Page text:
Infringing into infrastructure

The main civic agency, the Bruhat Bangalore Mahanagara Palike (BBMP), on which the onus lies to ensure safety of the pedestrians, seems to have turned a blind eye towards the gross misuse of footpaths across the City. More than half of the pavements in the City are either unfit for use or have been fully encroached upon.

Take the case of footpaths in and around K R Market. The shopkeepers use the pavement to display their products leaving no space for pedestrians. People are compelled therefore to walk on the road and often meet with accidents.Similar is the situation in Majestic area where petty vendors occupy the pavements completely. Near Banashankari, the pavements are fully under the control of timber workers and potters.

A few yards away from Banashankari towards Kadirenahalli, the pavements serve as urinals. At Ilyas Nagar, the uneven surface of flagstones keep pedestrians away. The condition of the footpaths across Bangalore is no different. This is happening despite strict instructions by the successive BBMP commissioners to clear the pavements from encroachment and develop them in a scientific manner. The Palike is yet to  a learn lesson from the two accidents that occurred last year when children were swept away in stormwater drains after they fell through a gap in the stone covering  on the drains.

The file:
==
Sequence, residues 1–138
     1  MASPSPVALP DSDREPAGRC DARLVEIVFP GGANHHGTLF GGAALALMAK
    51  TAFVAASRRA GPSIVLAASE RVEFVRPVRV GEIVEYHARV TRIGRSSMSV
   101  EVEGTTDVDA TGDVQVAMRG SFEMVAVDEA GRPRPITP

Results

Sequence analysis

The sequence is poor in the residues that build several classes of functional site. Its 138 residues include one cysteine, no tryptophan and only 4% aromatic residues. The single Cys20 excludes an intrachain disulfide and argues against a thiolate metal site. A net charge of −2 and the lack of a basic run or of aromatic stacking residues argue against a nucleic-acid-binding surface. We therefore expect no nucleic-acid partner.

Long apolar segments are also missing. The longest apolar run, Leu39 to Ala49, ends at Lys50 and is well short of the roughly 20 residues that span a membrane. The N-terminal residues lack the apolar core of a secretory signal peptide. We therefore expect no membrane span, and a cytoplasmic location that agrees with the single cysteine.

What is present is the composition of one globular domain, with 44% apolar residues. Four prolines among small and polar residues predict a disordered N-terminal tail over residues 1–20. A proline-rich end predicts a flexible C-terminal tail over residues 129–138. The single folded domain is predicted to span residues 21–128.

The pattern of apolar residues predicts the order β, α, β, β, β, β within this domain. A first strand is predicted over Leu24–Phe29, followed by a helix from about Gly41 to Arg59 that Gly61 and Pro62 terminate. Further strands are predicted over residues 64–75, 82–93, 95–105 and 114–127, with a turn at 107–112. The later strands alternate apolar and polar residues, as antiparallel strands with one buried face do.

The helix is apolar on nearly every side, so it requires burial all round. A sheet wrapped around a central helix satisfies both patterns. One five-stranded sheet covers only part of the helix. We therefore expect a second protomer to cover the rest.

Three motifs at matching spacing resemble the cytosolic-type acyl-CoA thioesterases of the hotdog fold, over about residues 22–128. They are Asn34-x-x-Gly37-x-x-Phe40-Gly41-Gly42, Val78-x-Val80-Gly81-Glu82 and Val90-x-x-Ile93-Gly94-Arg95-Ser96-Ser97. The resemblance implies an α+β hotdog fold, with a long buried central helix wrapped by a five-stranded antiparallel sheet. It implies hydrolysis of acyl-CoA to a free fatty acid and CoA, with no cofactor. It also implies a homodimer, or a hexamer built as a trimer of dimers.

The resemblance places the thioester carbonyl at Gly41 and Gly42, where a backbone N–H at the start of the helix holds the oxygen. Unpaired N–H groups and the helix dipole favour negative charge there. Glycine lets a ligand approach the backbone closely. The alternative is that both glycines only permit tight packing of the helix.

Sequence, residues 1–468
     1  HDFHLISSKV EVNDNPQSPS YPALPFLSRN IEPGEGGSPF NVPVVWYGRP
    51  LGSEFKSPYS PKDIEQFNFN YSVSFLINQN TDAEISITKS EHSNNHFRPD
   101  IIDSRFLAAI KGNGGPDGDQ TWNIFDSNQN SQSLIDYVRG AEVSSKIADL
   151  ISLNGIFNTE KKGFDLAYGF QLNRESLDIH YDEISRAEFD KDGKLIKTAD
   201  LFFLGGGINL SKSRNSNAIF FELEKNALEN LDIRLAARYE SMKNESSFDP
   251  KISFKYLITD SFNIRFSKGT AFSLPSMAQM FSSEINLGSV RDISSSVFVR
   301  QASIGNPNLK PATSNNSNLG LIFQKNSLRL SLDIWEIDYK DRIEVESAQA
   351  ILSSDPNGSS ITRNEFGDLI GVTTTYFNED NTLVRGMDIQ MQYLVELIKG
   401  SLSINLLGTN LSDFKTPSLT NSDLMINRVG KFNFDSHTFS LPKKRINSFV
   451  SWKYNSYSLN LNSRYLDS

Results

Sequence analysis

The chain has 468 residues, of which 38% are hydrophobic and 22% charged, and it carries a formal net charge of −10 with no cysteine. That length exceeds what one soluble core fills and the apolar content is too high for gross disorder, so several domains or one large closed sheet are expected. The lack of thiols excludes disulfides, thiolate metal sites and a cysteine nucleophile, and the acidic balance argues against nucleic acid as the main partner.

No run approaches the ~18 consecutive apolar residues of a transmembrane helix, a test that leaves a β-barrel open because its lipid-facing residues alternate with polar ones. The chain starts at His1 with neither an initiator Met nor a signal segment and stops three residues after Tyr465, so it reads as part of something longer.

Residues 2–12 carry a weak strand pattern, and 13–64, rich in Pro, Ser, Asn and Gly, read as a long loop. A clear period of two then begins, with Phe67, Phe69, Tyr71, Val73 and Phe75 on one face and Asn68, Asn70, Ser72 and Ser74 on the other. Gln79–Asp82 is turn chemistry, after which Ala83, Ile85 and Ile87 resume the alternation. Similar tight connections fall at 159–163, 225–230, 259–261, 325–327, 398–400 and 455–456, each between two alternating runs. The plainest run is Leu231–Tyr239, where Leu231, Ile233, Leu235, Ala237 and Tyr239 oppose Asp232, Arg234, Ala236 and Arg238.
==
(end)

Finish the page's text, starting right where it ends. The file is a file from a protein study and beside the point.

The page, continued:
According to the BBMP sources,  around Rs 100 crore were spent in the last two years in eight zones  on the maintenance of the pavements but the money seems to have gone down the drain beneath the pavements. Further, the sky-walks and pedestrian subways, meant to help pedestrians, appear to have been built to serve the purposes of the advertisers and the contractors, if one went by the places they’ve come up.

The city has seven skywalks and two more are under construction. These are located at Kengeri, Mekhri Circle near CPRI, Seshadri Road near Maharani College, Kodihalli on (old) Airport Road, Indiranagar, Bishop Cotton School and Old Madras Road. The two under construction are near Chalukya Circle and K R Puram.

The Palike wanted to raise 53 more skywalks but litigation stopped the BBMP from going ahead with its programme. Now the High Court has cleared 13 skywalks and construction will begin soon. Traffic police officials admit that these skywalks have not come up where they are required the most. Palike officials handling the advertisement wing point out, however, that these structures are built free of cost. “We are spending nothing. The advertisers built them up on build, operate and transfer (BOT) basis. They are paying us Rs 5 lakh per annum as tax. If they are not used today then five years later people will start using them,” said a BBMP official.

St Marks Road near the SBI Circle badly needs a skywalk but neither the BBMP nor any advertiser has come up with any proposal for one. The pedestrian subways built by the BBMP with an estimated cost of about Rs 20 lakh each are another side of the story.
Some of them have come up at places where people could hardly use them. On Nrupathunga Road near KR Circle, the subway is the biggest road block that invites road accidents. Hardly anyone has seen people using a subway near Chalukya Hotel on Raj Bhavan Road. Many the subways remain locked because they blame hub of anti-social elements.

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